The recreational use of marijuana could occur as soon as 2018 in several states along the East Coast and even the Southwest if voters approve the referendums.

The number of states that have approved medicinal use of cannabis has increased during the past few years, but many states have banned recreational use.

Last fall voters in California, Massachusetts, Maine and Nevada approved the recreational use of marijuana while Arkansas, Florida and North Dakota adopted medical marijuana laws. Efforts in Arizona failed, but this issue could emerge as a ballot initiative next year, said Bryan Meltzer, a partner at Feuerstein Kulick, a New York law firm specializing in cannabis law, litigation and corporate transactions.

As the nascent marijuana industry accelerates, revenue generated in the legal cannabis sector has grown at an immense pace with North American consumers spending $6.7 billion on legal cannabis products in 2016, up 34% from 2015, according to The Arcview Group, a cannabis investment and research firm based in San Francisco.

The momentum is expected to pick up as the adult use markets open in California, Massachusetts and Canada. By 2021, the industry is predicted to generate revenue of $22.6 billion, the firm said.

Depending on the state's laws, legalization could occur either through a referendum or a state's legislature. More states and their lawmakers will seek to legalize recreational use of cannabis, especially if they are located in an area surrounded by other states that have been generating revenue already.

A regulated market will deplete the existing black market of its supply and could be a catalyst for other states, said Meltzer.

"A lot of products that fail state regulations and can not be sold in a legal market will likely go towards black markets in nearby states that do not have legal regulated markets," he said. "This also includes legal products sold in legal markets."

Lawmakers who are cognizant of the loss of tax revenue could decide this is the impetus needed to legalize recreational use. They could "tax it like businesses in other industries to generate hundreds of millions in tax revenue," Meltzer said. "It's a compelling reason for a state to do that."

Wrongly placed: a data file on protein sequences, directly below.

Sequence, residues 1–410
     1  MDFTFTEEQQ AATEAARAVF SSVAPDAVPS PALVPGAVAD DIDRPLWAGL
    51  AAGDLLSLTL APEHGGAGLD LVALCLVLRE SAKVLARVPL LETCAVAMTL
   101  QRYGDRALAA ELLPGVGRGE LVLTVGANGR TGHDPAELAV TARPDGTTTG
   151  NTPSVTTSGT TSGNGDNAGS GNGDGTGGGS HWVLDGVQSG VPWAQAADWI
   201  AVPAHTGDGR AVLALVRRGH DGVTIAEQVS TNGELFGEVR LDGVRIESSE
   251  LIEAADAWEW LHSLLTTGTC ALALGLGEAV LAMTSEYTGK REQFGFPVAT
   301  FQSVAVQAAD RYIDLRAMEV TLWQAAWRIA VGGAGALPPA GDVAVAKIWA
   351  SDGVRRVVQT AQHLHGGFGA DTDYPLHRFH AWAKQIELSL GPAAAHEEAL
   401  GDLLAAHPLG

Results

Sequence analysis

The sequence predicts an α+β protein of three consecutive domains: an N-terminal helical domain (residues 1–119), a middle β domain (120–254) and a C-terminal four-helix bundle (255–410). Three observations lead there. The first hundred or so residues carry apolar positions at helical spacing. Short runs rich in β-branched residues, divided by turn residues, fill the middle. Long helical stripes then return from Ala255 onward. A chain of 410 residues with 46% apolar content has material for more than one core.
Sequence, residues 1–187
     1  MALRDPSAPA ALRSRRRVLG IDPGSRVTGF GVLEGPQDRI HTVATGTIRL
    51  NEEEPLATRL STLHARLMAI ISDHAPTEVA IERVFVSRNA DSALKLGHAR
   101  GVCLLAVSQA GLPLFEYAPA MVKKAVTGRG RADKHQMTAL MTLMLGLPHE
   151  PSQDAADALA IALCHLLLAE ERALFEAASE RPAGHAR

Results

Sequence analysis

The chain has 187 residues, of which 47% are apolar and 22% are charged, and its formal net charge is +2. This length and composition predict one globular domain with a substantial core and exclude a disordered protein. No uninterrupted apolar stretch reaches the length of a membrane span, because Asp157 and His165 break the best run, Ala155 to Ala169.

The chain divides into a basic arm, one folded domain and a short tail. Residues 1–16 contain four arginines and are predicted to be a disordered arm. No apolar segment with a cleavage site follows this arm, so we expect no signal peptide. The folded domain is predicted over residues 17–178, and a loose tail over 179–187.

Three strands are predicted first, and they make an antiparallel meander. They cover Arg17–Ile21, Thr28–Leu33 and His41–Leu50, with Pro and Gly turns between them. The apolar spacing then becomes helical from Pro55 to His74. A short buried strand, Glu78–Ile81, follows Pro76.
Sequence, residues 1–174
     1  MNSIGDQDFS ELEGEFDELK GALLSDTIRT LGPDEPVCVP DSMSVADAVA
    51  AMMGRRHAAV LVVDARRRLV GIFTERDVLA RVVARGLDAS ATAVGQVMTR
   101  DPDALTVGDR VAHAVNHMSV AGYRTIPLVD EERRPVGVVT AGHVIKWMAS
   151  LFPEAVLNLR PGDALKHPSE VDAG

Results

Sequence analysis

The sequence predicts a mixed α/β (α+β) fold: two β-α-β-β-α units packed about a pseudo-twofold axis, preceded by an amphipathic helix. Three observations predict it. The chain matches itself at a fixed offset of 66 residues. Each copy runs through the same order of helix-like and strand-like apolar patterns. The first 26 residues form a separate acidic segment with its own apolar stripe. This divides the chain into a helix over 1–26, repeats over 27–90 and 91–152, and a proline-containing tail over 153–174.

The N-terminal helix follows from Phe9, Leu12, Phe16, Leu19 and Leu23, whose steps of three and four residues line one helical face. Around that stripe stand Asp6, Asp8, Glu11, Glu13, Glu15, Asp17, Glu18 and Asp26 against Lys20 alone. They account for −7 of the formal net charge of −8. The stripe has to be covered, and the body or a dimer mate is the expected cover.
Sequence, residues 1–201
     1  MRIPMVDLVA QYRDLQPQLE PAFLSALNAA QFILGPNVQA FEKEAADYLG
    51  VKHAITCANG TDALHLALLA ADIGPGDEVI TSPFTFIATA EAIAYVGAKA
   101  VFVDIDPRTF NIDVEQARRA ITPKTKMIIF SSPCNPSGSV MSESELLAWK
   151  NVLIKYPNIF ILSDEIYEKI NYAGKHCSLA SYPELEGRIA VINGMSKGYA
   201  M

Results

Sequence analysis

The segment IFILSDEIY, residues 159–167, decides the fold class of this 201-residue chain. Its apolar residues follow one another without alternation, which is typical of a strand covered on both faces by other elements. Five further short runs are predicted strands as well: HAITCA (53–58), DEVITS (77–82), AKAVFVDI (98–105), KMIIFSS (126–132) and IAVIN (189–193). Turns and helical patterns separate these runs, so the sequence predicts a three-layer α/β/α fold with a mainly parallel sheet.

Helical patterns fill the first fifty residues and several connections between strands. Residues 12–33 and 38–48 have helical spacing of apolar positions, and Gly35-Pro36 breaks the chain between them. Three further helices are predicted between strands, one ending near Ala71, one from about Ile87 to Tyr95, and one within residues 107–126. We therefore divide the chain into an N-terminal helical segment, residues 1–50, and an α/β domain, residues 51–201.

The advocacy groups in some states are working hard to collect signatures to place marijuana initiative measures on the 2018 ballot. As of Augudy 7, New Approach South Dakota has 90 days to collect all their signatures in order to place two marijuana initiative measures on the ballot, according to the Marijuana Policy Project, a Washington, D.C.-based marijuana policy reform organization. One petition seeks to legalize marijuana for medical uses and the other to legalize certain amounts of marijuana for adult use and to regulate and tax marijuana businesses.

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Weed.

Legalizing recreational use has a spillover effect not just in generating tax revenue, but also in creating more jobs, said Jason Spatafora, co-founder of Marijuanastocks.com and a Miami-based trader and investor known as @WolfofWeedST on Twitter.

"In a perfect world where politics and gerrymandering of districts didn't impact marijuana legislation, states that adopted cannabis laws similar to Colorado would experience something their less progressive neighbors would be envious of such as the benefits of tax revenue as well as the intrinsic values these laws have on surrounding ancillary industries such as security, real estate and other services," he said.

The impact on the manufacturing industry is also sizable as the cannabis sector will only add more jobs instead of reducing them, unlike the coal industry, Spatafora said.

"But if I had my personal choice of where to wave my judicial wand, it would be in states where they used to mine coal and where they are very good at making moonshine," Spatafora said. "States should also see a reduction of opioids overdoses as well as a reduction of marijuana-related drug offenses, which has an immeasurable value," he said.

While the adult use of cannabis is emerging as a bi-partisan issue, nearly everyone is coming around and understands the medicinal qualities and effects, said Jeffrey Zucker, president of Green Lion Partners, a Denver-based business strategy firm for early stage cannabis companies and a board member of the Marijuana Policy Project.

"There are plenty of Republicans who have seen what it is doing for many states," he said. "They will have to consider it more since some of their deficits are so large."

Partaking in edibles, extracts and topicals will soon be ubiquitous like consumers who opt to drink alcohol as entrepreneurs develop various uses for cannabis for both medicinal and recreational purposes, Zucker said.